I think the answer is an unequivocal no. The government has no right to know everything. Privacy is a right that is not only enshrined in the fourth amendment of the US constitution, but is a fundamental right that all human beings deserve. Human beings deserve the right to know that our bodies and minds are our own, not to be surveilled or observed at the whims of others. This type of dragnet surveillance grossly infringes on our rights. This surveillance can be easily abused and, most probably, already has. To go pop culture, it reminds me of Enemy of the State, where spooks turned Will Smith’s life upside down because they thought he knew the wrong kind of secrets. Or in the Dark Knight when Lucius realizes that Batman has created a spy network that monitors everyone in Gotham and tenders his resignation because “this is a power no man should have.” I agree with Lucius that this is most certainly a power that no man – or government – should have, especially our own. Snowdon believes this so much that he has tendered his resignation from this alleged beacon of freedom and democracy to seek refuge in an alleged communist autocracy. Inverted reality, no? As the article in continued:
"Privacy is a deadly business. Psychologist tell us it is necessary for the development of personal independence. Artists, philosophers and scientists recognize its essential role in the birth of new ideas. And those who have gotten captured or killed for their political commitments worldwide, ever since someone stood outside of a tent and listened in on the conversation inside, know it is an essential condition for political freedom. Freedom is a value Americans love to claim they love."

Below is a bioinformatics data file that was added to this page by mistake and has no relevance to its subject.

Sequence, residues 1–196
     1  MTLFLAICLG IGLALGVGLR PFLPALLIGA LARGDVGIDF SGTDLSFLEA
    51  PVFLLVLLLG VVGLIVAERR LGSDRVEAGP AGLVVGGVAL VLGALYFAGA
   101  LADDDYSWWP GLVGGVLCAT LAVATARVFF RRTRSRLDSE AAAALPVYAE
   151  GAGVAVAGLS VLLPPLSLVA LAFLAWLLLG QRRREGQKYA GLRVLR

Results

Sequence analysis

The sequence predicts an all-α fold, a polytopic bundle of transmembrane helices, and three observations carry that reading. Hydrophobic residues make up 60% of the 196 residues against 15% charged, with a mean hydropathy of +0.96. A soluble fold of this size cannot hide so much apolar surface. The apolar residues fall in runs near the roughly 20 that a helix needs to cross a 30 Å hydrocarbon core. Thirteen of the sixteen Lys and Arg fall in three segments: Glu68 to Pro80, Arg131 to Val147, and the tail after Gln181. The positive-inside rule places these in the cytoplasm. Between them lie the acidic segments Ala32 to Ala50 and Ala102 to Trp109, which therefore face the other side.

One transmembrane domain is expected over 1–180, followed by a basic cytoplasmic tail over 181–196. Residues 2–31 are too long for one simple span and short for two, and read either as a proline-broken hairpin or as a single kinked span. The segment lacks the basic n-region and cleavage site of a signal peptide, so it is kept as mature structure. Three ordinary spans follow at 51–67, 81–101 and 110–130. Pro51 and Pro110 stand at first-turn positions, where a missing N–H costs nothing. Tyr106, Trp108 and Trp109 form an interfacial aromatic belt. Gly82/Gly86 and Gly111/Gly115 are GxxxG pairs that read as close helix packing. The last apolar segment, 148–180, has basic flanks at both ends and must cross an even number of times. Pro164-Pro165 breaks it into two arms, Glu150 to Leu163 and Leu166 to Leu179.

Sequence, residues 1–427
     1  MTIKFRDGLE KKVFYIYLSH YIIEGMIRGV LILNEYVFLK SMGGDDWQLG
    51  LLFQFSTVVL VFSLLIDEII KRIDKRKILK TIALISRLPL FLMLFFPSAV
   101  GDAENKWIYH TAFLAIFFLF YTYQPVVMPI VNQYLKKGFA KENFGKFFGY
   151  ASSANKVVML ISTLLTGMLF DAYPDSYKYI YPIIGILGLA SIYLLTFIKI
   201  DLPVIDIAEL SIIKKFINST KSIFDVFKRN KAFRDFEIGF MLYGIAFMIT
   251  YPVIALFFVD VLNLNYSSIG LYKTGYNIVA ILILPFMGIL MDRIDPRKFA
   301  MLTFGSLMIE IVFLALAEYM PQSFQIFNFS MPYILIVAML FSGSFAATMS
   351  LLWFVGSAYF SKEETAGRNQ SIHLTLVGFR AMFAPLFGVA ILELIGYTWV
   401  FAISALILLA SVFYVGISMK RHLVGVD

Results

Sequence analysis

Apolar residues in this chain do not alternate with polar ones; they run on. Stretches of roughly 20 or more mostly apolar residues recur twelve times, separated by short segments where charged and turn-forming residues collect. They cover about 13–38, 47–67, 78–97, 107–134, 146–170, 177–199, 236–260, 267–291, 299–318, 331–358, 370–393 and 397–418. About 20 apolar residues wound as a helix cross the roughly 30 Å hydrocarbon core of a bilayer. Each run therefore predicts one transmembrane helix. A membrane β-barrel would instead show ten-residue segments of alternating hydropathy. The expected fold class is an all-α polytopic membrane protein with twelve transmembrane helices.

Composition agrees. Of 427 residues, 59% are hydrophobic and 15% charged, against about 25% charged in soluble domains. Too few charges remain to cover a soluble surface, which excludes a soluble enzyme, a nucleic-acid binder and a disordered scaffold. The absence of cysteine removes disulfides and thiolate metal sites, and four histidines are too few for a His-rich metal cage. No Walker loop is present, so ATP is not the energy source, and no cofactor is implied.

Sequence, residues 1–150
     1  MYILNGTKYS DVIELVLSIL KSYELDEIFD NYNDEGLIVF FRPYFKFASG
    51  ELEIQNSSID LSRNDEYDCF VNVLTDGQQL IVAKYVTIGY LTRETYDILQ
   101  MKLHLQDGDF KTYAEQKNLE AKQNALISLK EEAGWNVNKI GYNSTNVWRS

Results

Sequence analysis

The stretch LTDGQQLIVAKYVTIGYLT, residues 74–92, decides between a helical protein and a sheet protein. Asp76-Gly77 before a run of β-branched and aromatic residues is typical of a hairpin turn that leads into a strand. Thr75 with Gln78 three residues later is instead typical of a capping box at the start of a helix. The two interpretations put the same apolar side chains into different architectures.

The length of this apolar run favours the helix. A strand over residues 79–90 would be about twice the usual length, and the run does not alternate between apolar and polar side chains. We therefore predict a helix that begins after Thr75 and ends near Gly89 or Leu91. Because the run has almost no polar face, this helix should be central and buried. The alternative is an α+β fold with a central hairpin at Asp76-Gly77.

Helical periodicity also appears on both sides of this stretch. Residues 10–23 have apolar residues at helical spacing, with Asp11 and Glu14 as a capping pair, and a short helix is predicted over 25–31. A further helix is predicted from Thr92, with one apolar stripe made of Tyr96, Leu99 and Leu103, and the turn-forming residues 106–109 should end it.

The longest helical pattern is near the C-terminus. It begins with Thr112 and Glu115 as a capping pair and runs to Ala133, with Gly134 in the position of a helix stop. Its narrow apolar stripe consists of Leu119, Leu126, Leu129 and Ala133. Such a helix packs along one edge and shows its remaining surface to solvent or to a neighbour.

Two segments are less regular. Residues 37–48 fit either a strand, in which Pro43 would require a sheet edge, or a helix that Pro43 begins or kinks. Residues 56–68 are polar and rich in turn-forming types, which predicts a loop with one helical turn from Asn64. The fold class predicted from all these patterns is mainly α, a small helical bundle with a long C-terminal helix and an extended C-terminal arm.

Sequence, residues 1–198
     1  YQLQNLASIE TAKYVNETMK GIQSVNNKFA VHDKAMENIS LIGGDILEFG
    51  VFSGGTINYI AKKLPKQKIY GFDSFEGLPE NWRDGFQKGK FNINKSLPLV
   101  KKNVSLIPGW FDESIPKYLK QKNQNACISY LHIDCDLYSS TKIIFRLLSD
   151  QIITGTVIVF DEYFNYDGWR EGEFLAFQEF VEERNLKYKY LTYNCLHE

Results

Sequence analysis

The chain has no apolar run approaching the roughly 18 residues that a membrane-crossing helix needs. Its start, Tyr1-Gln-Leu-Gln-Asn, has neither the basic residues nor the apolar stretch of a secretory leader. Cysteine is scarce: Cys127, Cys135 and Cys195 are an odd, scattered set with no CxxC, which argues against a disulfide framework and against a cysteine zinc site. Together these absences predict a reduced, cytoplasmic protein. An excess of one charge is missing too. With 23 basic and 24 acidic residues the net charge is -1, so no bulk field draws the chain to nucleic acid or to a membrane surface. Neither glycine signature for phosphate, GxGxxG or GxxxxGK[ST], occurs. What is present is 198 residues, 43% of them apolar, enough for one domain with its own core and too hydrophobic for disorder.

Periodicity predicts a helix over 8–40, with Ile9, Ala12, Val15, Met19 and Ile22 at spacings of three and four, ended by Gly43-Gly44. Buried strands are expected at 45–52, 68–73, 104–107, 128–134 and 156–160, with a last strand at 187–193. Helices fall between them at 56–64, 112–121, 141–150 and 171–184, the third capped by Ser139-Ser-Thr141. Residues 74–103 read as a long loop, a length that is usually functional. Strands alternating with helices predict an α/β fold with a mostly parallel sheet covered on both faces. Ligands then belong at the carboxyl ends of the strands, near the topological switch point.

I value freedom, privacy, and the desire to continue to exercise these rights. However, the NSA and other US spy agencies have developed a massive surveillance state in which the free exchange of ideas is being severely undermined. This is wrong and it is not in line with the values that America purports to hold. The construction of America’s authoritarian, corporatist state has been in the offing since 911, but a deep-seated disease has rotted away our political institutions and is undermining what is left of our “free” society. As Edward Snowdon noted, "I don't want to live in a society that does these sort of things." Neither do I.

For further reading:
Everything you need to know about the NSA’s phone records scandal
By: Timothy B. Lee, 6-6-13 Washington Post

How Congress unknowingly legalized PRISM in 2007
By: Timothy B. Lee, 6-6-13 Washington Post

President Obama’s Dragnet
By: NY Times Editorial Board, 6-6-13 NY Times

U.S. Confirms That it Gathers Online Data Overseas
By: Charlie Savage, Edward Wyatt and Peter Baker, 6-6-13 NY Times

The National Security Agency: surveillance giant with eyes on America
By: Ewen MacAskill, Julian Borger and Glenn Greenwald, 6-6-13 The Guardian/UK

How to navigate the Internet around PRISM
By: Kris Holt, 6-9-13,